Posts tagged Children's book
Posts tagged Children's book
Luscious whimsical style that befits a children’s book. African stories & magic by Thierry Bedouet
No, this is Jinx the cat, and he was about 70 years before Puss. Jinx was a good friend of Freddy the Pig and often joined Freddy on his adventures.
Jinx, like Puss in Boots, often finds himself walking on two legs rather than four. Now of course Puss isn’t a character that the Shrek producers came up with - the original Puss in Boots much older than even Jinx - but I have to wonder if the latest incarnation of him wasn’t at least partially influenced by Kurt Wiese’s Jinx the Cat.
As I understand it, Freddy the Pig was popular in the late 1920s. (Gosh, can’t just say the “20’s” anymore because they are fast approaching!) He was a character created by Walter Brooks and illustrated by Kurt Wiese, who also illustrated Felix Salten’s Bambi. I found a treasury of these drawings at Half Price Books for ONE DOLLAR.
Well as they say, one man’s trash is another’s treasure. Back in the day, children’s book illustration was done in pen & ink because color was expensive and usually only saved for the Sunday newspapers or for the covers of books and magazines. Line work was and remains, inexpensive to reproduce.
I envy the book illustrators of those times. It was a golden age when an illustrator could make a decent living. Well, WHITE illustrators could, anyway! Still, they had the opportunity to hone their craft and get paid for doing so, and that’s opportunity we just don’t have nowadays. Worse, computers have taken the skill and craftsmanship out of the profession and cheapened the art in the process.
I can learn from Kurt Wiese’s drawings. The pen & ink work is extraordinary. Just look:
Such draftsmanship from what was undoubtedly dip pen work! This is why I bought the book, besides the steal of a price. I want to learn from Mr. Wiese, and work at recreating his drawings and thus improve my ability to render shading and shadows in ink! In this $1 book there are almost 200 pages of black & white drawings to copy and learn from. I of course no longer use my crowquill and instead use a Faber-Castell PITT artist pen in various thicknesses. It just is more convenient and I can work in bed if need be, which appeals to me as I am under-the-weather. If I do enough these I should be able to render most anything convincingly in pen and ink.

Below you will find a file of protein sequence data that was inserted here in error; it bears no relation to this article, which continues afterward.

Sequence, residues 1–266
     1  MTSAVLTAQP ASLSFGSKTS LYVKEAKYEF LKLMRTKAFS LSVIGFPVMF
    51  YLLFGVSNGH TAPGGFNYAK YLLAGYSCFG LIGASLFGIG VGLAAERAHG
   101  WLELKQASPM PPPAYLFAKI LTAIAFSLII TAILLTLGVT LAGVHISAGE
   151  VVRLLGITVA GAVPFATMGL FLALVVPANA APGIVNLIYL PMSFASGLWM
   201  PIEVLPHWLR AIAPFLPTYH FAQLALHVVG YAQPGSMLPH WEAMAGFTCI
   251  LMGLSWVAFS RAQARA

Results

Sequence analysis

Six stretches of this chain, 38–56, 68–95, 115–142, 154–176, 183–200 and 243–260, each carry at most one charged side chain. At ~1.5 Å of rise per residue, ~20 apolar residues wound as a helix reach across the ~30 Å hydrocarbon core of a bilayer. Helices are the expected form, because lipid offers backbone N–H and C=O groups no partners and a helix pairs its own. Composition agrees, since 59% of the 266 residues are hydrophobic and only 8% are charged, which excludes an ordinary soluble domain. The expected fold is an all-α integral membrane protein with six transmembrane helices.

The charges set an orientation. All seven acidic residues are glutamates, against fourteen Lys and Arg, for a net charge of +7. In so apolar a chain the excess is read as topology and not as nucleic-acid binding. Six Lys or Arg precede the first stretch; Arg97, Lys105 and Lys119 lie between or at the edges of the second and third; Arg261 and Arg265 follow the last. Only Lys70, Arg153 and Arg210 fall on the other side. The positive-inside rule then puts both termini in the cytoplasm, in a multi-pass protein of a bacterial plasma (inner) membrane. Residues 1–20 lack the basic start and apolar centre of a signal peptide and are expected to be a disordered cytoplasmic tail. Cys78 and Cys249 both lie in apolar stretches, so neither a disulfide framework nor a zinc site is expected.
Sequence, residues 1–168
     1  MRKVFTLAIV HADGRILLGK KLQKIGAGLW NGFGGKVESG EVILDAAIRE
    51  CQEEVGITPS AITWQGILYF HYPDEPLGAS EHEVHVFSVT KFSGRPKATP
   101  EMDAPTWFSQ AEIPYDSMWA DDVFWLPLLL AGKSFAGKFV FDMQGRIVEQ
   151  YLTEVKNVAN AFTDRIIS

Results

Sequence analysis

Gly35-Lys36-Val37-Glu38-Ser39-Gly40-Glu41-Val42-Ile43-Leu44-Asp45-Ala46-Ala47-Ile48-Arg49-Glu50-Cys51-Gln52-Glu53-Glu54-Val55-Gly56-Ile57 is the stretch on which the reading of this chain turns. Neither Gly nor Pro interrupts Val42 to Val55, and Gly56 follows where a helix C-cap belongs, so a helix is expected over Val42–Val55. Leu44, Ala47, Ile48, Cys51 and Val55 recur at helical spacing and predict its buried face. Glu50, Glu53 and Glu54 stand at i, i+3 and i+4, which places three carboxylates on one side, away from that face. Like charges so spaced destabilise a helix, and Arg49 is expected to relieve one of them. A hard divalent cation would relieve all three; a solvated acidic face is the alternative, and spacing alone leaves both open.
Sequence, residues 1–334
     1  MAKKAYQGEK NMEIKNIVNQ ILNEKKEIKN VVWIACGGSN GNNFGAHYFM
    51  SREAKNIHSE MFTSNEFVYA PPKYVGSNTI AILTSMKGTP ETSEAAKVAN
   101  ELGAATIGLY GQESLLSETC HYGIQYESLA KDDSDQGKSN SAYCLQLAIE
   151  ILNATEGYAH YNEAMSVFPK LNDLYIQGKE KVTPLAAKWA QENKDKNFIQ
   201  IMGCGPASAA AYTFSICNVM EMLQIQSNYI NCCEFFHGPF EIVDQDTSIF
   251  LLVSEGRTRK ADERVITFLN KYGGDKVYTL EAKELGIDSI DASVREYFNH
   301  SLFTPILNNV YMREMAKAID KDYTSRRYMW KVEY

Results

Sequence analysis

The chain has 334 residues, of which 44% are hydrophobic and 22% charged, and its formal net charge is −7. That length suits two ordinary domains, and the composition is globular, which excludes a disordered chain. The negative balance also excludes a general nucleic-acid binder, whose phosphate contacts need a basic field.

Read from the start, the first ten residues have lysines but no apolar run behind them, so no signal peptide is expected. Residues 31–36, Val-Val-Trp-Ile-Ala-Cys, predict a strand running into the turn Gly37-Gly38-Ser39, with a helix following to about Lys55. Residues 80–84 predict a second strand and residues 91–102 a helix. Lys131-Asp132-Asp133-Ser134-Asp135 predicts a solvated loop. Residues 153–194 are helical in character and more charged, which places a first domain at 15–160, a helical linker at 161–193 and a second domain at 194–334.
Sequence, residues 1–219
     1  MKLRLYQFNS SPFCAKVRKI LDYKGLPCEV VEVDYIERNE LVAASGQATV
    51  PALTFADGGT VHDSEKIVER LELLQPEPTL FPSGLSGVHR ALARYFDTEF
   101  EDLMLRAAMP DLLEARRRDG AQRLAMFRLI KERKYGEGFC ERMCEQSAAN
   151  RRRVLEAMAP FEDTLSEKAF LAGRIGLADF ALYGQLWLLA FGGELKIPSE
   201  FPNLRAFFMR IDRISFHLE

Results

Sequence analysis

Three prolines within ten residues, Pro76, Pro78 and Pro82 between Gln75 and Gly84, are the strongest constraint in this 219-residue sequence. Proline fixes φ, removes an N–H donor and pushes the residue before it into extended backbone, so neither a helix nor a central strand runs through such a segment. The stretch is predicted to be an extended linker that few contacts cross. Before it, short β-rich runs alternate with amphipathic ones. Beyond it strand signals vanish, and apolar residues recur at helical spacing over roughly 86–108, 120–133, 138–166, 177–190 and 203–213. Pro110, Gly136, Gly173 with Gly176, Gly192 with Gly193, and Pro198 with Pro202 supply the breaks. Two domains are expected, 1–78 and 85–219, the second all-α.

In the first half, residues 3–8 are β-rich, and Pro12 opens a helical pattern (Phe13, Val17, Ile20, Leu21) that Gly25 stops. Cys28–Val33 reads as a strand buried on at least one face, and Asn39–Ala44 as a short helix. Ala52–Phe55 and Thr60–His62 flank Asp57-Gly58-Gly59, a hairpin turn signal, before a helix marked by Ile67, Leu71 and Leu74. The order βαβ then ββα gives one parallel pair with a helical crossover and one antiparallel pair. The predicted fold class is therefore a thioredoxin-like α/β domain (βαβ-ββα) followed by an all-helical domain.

So while I’m sorry nobody values this book or this particular artists’ drawings, as evidenced by the giveaway price, I’m glad Half Price Books had so many of these to sell! It was a providential find.
First project of children’s book class! Basically to pick a less known fairy tale and illustrate it. I chose Sweet Porridge otherwise known as The Magic Porridge Pot. Originally I was aiming for 4 spreads and 1 illustration but due to time constraints and other classes I only ended up with 1 illustration and 2 spreads. These illustrations are somewhat finished, I might go and add a few more details though. The other spread that I managed to finish for crit needs a bit more tweaking. A bit disappointed that I didn’t finish the others on time but I think I’ll try and finish them during my break. C:
This is an exercise I could do. I might illustrate Jungle Book - the non-Disney version. Maybe even the Shonen Mowgli version.
“Charles De Mar”
acrylic on panel
MOVIE FUN FACT: He is not actually a toad in Better Off Dead…, but rather beloved character actor Curtis Armstrong!
Now, this is my style. I like this very much. The frog is realistic, but yet, he’s wearing a top hat so he can’t be realistic. I like this.